martes, febrero 08, 2005
L.A. Times: Venezuelans face tug of war over arable land
Anyway, here are some interesting tidbits:
Authorities across Venezuela are reviewing more than 500,000 such farms and estates to determine if the owners are making the best use of the land, or if it should be formally handed over to the squatters. Several states are to decide over the next few months whether the squatters should be ejected from the land or allowed to stay.. . .
"For one family or company to have so much land in Venezuela — it's just not right," Jacqueline Gutierrez said, as she cut her husband's hair under a sprawling tree. The family arrived here in July 2003, and the tree was their shelter until they finished building their mud-walled hut. "We have to trust that the government will make the right decision and soon we will own this place.". . .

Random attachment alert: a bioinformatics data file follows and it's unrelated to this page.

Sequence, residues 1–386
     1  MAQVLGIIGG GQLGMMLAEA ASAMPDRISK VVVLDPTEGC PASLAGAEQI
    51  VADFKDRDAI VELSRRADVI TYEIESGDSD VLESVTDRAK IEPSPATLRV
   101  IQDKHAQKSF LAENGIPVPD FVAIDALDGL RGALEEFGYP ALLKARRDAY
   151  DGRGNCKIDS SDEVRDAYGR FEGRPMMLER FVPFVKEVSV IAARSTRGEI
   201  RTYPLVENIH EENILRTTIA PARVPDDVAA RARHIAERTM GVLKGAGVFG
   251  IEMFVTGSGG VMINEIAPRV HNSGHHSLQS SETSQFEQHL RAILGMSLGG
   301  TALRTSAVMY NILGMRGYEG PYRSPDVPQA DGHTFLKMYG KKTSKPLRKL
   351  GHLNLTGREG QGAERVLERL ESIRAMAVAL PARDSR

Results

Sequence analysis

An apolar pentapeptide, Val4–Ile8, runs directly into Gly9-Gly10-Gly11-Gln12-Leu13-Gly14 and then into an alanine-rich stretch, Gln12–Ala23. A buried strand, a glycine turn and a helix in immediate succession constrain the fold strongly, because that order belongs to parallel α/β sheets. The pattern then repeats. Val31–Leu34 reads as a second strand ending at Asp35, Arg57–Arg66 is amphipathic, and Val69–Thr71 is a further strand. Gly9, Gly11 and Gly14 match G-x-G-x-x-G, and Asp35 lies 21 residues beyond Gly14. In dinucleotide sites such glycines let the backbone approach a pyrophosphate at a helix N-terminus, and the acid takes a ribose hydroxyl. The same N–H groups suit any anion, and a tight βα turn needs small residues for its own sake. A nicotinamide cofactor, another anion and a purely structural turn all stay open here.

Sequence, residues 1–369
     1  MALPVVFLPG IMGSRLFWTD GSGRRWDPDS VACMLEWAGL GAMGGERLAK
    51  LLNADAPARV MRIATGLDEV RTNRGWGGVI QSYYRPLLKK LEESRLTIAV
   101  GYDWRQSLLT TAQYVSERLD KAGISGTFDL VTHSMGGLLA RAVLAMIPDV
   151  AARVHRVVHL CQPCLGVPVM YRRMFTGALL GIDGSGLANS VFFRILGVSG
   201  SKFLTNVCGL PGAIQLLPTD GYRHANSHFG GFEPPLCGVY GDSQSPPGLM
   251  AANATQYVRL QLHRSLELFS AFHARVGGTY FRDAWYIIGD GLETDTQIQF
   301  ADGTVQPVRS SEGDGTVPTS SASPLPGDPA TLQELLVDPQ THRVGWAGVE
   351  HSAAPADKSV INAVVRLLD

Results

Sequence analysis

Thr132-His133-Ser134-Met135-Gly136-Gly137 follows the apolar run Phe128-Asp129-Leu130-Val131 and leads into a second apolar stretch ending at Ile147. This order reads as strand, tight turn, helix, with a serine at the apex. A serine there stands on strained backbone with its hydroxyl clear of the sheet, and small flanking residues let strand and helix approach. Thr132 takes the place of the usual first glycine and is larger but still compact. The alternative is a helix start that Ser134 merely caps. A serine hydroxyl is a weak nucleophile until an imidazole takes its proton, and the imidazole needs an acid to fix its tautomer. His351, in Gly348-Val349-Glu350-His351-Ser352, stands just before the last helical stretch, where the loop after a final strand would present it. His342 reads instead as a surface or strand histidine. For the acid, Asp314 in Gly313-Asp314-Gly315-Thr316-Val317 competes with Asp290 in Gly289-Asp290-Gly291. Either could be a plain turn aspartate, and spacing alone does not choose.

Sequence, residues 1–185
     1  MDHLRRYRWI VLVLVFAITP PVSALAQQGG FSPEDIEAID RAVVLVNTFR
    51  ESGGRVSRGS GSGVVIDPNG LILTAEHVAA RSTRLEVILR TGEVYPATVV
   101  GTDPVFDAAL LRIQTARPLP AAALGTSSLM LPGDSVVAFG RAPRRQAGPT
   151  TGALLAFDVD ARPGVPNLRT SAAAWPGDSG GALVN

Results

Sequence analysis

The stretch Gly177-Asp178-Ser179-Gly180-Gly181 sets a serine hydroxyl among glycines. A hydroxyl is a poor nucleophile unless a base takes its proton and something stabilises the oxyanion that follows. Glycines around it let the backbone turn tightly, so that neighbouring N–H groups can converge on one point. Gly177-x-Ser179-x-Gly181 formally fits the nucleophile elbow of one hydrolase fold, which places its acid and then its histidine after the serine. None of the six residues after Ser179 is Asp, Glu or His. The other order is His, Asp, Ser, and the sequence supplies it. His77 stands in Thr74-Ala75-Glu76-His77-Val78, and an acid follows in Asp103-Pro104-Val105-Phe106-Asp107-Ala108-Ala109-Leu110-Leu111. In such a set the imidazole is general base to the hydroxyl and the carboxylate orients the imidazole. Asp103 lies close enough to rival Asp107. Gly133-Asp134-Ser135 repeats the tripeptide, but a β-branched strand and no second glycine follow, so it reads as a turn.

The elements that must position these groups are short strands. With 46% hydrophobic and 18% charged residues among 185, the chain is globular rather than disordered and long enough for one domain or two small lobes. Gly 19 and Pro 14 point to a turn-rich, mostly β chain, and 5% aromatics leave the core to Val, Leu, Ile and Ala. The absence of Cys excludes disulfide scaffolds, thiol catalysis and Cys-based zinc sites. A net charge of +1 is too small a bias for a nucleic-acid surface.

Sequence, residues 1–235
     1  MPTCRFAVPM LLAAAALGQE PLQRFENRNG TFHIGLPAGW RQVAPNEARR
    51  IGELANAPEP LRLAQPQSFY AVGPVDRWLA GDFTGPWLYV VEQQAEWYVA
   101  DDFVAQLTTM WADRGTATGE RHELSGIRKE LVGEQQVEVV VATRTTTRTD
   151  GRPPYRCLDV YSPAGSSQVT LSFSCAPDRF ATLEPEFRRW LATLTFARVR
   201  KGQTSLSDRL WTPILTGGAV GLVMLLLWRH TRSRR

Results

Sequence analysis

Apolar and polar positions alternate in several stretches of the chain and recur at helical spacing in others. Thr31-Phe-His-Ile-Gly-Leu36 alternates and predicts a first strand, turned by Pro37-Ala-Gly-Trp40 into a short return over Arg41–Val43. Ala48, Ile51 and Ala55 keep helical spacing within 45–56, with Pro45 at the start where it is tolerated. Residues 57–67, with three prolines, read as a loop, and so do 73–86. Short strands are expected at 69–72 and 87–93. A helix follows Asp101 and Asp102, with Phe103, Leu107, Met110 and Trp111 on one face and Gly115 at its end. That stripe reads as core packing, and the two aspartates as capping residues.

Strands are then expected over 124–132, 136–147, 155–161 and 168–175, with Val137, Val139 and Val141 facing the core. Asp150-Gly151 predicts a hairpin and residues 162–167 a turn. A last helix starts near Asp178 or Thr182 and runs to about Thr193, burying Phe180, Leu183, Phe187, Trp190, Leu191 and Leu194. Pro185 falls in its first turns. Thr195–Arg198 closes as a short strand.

Those driving the land reform from Caracas suggest that squatters will gain a limited title.
"They will not be owners. They won't be able to sell the land," said Eliezer Otaiza, head of the National Land Institute in Caracas. Last time Venezuela redistributed land, in the 1960s, most people resold it to the estates for quick cash. This time, he said, the government wants to create a new class of peasants.
Read the whole article here.